>illustrated, why not fight for implementations of mechanisms (such as
>those extant in the XML world) which enable the importation of iconic
>material into non-illustrated materials -- especially those that might be
>able to perform the task through automated look-ups, as thumb-nailed by
>kynn and al, or through an assertion language, such as RDF, which would
>allow you (anne) to make assertions about non-illustrated content, which
>could be transformed (using XSLT) into the illustrated document instance
>you desire...
>
>anne, no one is saying "don't use illustrations" -- what i and joe and
>others are saying is "give the user the choice, and use markup that
>enables look-ups and substitutions, transformations and annotations, so
>that graphics can be added to content even when they aren't extant in the
>document source of the document being rendered"
>
>one of the underlying principles of the WAI and the W3C is that web is
>about choices -- no one can possibly presume to speak for another user and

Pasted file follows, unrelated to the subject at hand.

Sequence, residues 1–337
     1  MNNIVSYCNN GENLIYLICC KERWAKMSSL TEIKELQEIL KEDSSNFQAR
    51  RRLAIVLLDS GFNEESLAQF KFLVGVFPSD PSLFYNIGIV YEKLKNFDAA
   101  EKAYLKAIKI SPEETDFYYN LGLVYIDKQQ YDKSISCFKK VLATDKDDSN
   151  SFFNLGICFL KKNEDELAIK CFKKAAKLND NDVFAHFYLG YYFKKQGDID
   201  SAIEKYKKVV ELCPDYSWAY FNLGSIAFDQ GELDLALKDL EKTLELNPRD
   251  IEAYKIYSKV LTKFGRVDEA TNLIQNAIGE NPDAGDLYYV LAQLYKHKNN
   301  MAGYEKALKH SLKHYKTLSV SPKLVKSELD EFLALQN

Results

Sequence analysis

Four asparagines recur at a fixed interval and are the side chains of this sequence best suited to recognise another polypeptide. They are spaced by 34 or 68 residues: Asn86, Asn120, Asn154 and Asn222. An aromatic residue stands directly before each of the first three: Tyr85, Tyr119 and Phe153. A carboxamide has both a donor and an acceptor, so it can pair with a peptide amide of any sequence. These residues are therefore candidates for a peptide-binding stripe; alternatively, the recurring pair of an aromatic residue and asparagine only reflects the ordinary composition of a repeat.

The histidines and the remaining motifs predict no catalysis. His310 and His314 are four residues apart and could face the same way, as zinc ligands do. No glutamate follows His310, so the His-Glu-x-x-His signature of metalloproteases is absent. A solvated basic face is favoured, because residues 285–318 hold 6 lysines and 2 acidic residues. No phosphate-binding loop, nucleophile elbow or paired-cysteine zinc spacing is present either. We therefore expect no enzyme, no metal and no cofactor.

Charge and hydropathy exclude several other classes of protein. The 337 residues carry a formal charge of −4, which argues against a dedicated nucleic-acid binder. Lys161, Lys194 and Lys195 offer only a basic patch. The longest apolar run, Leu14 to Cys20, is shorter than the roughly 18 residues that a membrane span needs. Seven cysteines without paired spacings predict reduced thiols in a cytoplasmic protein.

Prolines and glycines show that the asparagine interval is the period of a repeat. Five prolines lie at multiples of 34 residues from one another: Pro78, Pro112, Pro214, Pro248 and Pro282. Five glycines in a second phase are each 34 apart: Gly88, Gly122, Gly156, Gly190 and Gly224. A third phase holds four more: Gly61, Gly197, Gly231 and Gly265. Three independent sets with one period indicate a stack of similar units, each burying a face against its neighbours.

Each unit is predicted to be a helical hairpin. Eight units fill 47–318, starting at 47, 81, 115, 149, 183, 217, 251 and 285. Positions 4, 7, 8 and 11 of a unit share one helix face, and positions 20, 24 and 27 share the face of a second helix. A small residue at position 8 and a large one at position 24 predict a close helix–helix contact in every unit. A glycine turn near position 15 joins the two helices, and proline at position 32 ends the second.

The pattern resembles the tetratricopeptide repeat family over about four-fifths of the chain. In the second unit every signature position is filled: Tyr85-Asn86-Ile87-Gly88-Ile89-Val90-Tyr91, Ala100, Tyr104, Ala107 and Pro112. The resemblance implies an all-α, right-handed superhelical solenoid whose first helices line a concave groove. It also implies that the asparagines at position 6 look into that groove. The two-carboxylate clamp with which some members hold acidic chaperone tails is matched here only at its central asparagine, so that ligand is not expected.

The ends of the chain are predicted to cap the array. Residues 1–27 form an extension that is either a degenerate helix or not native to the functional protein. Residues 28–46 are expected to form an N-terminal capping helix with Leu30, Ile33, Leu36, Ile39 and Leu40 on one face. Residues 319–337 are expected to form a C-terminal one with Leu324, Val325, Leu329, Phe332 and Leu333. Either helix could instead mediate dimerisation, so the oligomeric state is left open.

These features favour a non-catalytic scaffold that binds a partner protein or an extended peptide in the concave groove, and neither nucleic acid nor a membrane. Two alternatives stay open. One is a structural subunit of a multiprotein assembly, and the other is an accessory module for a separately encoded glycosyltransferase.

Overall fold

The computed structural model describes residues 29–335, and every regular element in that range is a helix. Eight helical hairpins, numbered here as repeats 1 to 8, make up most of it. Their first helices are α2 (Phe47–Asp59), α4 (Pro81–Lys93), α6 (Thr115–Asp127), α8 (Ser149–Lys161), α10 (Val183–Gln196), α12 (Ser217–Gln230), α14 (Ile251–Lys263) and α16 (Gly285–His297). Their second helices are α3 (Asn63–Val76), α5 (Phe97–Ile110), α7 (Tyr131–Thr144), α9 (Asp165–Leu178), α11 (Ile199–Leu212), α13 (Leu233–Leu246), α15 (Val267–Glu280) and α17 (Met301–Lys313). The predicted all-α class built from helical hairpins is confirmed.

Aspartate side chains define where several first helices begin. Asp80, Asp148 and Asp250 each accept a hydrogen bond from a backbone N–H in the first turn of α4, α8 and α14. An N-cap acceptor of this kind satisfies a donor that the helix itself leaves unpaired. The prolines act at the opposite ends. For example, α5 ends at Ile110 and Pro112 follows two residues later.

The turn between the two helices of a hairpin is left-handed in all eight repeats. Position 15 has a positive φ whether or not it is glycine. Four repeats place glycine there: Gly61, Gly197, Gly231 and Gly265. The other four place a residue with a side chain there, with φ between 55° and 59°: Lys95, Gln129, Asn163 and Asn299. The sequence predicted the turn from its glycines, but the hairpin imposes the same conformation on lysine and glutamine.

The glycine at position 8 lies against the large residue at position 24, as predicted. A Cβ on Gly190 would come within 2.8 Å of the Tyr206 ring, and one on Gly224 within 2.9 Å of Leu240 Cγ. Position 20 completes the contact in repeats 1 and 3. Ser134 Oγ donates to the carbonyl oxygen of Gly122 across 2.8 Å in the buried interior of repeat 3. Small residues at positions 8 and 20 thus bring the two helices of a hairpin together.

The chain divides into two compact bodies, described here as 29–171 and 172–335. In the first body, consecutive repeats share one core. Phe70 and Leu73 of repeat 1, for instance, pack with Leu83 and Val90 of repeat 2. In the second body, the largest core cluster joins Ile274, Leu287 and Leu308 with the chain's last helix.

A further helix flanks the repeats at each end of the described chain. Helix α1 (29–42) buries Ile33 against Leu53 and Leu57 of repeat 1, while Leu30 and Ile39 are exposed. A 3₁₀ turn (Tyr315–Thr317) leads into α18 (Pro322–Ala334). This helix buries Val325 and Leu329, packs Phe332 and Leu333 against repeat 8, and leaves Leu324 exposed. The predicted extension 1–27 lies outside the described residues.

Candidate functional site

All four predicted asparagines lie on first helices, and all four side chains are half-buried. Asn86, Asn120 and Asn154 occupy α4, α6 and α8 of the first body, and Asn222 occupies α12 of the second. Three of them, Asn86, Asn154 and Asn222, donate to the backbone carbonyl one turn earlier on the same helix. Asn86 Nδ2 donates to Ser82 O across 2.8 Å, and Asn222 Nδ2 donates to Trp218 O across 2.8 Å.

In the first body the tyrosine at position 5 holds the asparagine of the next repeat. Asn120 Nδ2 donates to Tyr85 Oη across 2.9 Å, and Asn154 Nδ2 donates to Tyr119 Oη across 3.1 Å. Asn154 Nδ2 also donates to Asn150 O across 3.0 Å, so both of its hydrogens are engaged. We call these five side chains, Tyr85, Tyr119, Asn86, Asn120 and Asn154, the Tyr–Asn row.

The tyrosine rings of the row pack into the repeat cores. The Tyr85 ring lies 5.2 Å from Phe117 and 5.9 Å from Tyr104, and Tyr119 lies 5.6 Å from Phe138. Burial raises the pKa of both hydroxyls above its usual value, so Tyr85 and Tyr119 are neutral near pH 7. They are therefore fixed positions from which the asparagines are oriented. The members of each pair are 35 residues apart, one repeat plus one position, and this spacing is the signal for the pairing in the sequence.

>accurately articulate what constitutes "accessibility" for that
>individual...  in my opinion, the advocates of an illustrated web would be
>better served working with the evaluation and repair group on assertion
>languages and transformation engines than tilting at the windmill of
>words...
>
>what is the next (il)logical step -- insistence that all element and
>attribute names and values be tokenized at the Technical Recommendation
>level and represented as "normative" graphics in W3C Technical
>Recommendations?  there's already a technology/tool which does that,
>anyway -- it is called an "authoring tool" with graphical tagsets...
>
>gregory.
>--------------------------------------------------------------------
>CYNIC, n.  A blackguard whose faulty vision sees things as they are,
>not as they ought to be.  Hence the custom among the Scythians of